Gravity Field, Deep Seismic Sounding and Nature of Continental Crust Underneath NW Himalayas

  1. Robert F. Mereu,
  2. Stephan Mueller and
  3. David M. Fountain
  1. R. K. Verma and
  2. K. A. V. L. Prasad

Published Online: 9 APR 2013

DOI: 10.1029/GM051p0279

Properties and Processes of Earth's Lower Crust

Properties and Processes of Earth's Lower Crust

How to Cite

Verma, R. K. and Prasad, K. A. V. L. (1989) Gravity Field, Deep Seismic Sounding and Nature of Continental Crust Underneath NW Himalayas, in Properties and Processes of Earth's Lower Crust (eds R. F. Mereu, S. Mueller and D. M. Fountain), American Geophysical Union, Washington, D. C.. doi: 10.1029/GM051p0279

Author Information

  1. Indian School of Mines, Dhanbad, India

Publication History

  1. Published Online: 9 APR 2013
  2. Published Print: 1 JAN 1989

ISBN Information

Print ISBN: 9780875904566

Online ISBN: 9781118666388

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Keywords:

  • Earth—Crust—Congresses;
  • Geophysics—Congresses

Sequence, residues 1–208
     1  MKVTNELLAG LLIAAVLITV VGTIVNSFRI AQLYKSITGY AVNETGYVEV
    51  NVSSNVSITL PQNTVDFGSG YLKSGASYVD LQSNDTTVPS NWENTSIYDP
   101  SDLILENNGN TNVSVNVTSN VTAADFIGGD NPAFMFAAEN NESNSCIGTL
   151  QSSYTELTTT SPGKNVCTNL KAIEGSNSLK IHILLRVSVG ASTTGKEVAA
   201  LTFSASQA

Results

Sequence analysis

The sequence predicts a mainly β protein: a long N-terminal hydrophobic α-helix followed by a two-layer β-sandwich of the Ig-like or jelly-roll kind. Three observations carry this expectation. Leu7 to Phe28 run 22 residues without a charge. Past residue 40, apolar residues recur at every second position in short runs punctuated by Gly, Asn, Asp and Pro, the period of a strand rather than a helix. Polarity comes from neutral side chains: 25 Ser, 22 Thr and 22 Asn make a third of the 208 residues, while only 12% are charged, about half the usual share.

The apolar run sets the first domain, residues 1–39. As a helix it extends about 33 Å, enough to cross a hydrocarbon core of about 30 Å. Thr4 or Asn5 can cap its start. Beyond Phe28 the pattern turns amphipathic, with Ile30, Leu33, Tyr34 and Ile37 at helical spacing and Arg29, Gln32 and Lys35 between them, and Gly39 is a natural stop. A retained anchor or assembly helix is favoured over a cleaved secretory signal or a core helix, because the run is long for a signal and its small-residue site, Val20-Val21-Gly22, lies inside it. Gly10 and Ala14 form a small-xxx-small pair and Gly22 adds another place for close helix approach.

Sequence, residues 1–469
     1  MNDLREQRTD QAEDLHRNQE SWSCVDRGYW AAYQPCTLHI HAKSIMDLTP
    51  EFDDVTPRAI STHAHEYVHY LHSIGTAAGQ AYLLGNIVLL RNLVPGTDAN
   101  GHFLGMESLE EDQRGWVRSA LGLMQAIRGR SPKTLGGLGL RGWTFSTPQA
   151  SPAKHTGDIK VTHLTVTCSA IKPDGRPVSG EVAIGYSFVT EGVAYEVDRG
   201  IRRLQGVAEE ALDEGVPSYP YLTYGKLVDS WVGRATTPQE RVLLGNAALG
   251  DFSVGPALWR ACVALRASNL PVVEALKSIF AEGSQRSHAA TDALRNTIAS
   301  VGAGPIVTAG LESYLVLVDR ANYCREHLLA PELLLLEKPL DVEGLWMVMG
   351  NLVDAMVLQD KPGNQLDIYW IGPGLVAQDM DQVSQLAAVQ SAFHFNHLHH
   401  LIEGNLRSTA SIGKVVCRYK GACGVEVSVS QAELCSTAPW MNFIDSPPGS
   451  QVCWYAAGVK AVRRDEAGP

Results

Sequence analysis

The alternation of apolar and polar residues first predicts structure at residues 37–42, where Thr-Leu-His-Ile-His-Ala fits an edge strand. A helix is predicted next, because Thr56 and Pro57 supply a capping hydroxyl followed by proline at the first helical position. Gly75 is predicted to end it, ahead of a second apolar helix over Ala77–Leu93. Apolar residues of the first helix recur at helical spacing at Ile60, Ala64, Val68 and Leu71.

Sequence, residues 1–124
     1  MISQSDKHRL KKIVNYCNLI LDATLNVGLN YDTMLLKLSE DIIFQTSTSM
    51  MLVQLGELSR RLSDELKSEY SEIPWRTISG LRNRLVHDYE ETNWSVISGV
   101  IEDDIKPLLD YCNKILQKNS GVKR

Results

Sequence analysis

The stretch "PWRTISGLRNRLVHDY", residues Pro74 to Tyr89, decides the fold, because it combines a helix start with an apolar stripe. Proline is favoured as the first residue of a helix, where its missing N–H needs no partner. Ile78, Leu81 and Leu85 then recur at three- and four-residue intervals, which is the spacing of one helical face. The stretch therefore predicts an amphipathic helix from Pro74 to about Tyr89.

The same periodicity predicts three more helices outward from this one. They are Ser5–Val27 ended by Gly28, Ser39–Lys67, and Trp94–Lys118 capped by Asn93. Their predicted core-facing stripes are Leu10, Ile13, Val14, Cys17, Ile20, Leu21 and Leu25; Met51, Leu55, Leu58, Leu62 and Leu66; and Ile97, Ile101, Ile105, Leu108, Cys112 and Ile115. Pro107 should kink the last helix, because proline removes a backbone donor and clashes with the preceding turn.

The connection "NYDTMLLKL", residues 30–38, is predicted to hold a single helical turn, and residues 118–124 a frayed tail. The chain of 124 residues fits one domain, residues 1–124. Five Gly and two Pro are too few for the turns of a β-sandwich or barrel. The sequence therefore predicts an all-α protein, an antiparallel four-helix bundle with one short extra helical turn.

Summary

A large number of earth scientists believe that the Himalayas have evolved as a result of collision of the Indian and Eurasian plates, sometime during cretaceous to Eocene times [Gansser, 1964, 1977; Dewey and Bird, 1973; Powell and Conaghan, 1973]. As a result of the collision, an estimated crustal shortening of the order of at least 300 Km took place apparently through movements along major Himalayan thrusts, such as the Main Central Thrust (MCT), the Main Boundary Thrust (MBT) and several others. These movements have resulted in thickening of the crust to 65–75 Km as shown by Gupta and Narain [1967], Kaila et al. [1982, 1984]. A vital question concerning the Himalayas is how the crustal thickening has taken place.